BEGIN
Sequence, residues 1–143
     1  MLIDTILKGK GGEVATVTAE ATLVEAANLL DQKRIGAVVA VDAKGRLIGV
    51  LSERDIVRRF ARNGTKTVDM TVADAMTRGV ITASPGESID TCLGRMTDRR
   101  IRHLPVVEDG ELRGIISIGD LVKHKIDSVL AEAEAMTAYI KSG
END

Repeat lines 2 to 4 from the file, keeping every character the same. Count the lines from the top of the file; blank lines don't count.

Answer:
     1  MLIDTILKGK GGEVATVTAE ATLVEAANLL DQKRIGAVVA VDAKGRLIGV
    51  LSERDIVRRF ARNGTKTVDM TVADAMTRGV ITASPGESID TCLGRMTDRR
   101  IRHLPVVEDG ELRGIISIGD LVKHKIDSVL AEAEAMTAYI KSG